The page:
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European Parliament Clears Tougher Rules to Protect an Open Internet

Thursday, April 3rd, 2014 (3:10 pm) - Score 618
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The European Parliament’s vote today to “end [mobile] roaming charges” by Christmas 2015 and protect open access to the Internet arguably masks the real story, which is that several new amendments have introduced a clear and very specific reference for the “principle of net neutrality” (i.e. treating all Internet traffic as equal).

Previous drafts of the proposed legislation, which still have to be voted on by EU member states before a final agreement is published by the end of 2014, left plenty of wriggle room for mobile operators and fixed line broadband ISPs to tweak the interpretation of what Net Neutrality actually means.

Critics of the proposal, such as the outspoken Open Rights Group, had feared that this would still allow ISPs to “decide what content you can and cannot access” by throttling traffic to the point of making a service unusable or forcibly filtering out (blocking) legal websites and other online services.

Another fear was that online content providers, such as Netflix or perhaps even Skype, could find their traffic throttled unless they agreed to pay a fee to the ISP. On the one hand ISPs would gain a lovely new revenue stream to help keep customer subscription fees low, yet on the other they might risk shooting themselves in the foot by penalising the very content that makes the Internet worth using.

Meanwhile online content providers typically argue that they already pay for their bandwidth and allowing ISPs to throttle a popular service unfairly, unless they paid for the privilege of a faster link to reach the ISP’s subscribers, would open the floodgates to thousands of ISPs making similar demands and potentially bankrupting the service. However the agreed text approves a series of amendments that could prevent all this.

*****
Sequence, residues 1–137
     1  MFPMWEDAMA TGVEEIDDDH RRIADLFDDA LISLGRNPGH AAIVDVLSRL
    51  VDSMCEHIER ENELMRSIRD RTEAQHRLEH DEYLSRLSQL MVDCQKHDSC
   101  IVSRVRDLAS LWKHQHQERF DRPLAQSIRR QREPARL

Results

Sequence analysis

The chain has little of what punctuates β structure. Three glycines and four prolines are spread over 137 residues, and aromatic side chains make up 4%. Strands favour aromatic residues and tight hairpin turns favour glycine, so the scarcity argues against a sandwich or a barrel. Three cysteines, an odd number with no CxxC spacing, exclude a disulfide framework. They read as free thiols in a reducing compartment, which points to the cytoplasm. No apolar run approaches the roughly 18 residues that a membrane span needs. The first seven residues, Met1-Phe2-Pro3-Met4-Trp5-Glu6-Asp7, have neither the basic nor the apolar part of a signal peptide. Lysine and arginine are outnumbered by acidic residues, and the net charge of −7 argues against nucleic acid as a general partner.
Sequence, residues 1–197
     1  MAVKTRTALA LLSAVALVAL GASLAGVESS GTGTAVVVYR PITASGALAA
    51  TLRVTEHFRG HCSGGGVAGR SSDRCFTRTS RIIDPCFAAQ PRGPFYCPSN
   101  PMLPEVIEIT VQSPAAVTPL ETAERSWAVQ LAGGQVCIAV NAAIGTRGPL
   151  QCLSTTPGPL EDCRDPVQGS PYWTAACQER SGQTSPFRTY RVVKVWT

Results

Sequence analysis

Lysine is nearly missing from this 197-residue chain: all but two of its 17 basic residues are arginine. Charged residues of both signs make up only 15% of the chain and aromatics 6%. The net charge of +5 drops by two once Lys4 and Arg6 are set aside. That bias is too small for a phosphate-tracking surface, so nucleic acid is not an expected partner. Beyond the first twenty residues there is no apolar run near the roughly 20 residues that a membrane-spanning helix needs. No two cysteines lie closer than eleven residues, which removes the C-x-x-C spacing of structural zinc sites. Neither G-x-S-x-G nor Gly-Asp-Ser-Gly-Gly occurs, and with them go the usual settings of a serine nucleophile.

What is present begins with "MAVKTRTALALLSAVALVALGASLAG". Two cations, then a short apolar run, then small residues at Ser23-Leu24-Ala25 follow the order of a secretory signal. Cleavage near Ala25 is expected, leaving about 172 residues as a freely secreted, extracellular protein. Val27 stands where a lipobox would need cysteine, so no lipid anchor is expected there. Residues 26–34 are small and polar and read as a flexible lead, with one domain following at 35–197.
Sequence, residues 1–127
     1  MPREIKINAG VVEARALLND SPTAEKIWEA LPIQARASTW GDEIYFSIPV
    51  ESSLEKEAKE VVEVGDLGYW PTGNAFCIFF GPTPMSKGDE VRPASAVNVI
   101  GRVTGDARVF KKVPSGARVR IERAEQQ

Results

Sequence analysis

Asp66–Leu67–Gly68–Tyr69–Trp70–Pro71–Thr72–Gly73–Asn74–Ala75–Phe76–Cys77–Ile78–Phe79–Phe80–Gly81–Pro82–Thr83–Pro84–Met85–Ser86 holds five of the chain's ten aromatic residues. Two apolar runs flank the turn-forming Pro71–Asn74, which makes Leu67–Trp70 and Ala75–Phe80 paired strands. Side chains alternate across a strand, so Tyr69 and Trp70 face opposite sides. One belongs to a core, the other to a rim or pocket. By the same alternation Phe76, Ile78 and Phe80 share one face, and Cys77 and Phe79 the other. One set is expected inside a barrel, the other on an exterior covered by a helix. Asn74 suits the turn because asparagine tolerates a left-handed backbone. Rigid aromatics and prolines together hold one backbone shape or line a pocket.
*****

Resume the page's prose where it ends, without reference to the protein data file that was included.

Example Amendment Text

The principle of “net neutrality” means that traffic should be treated equally, without discrimination, restriction or interference, independent of the sender, receiver, type, content, device, service or application. As stated by the European Parliament resolution of 17 November 2011 on the open internet and net neutrality in Europe 2011/2866, the internet’s open character has been a key driver of competitiveness, economic growth, social development and innovation – which has led to spectacular levels of development in online applications, content and services – and thus of growth in the offer of, and demand for, content and services, and has made it a vitally important accelerator in the free circulation of knowledge, ideas and information, including in countries where access to independent media is limited.

Previously the “net neutrality” phrase didn’t even appear in the legislation and now it seems to have been positively defined.

Jim Killock, Executive Director of Open Rights Group, said:

We’re delighted that the European Parliament has backed an open, free and democratic internet and we hope that the British government does the same. The Regulation means that for the first time net neutrality is properly defined and protected in law, making sure that all internet traffic is treated equally.”

Félix Tréguer, co-Founder of La Quadrature du Net, added: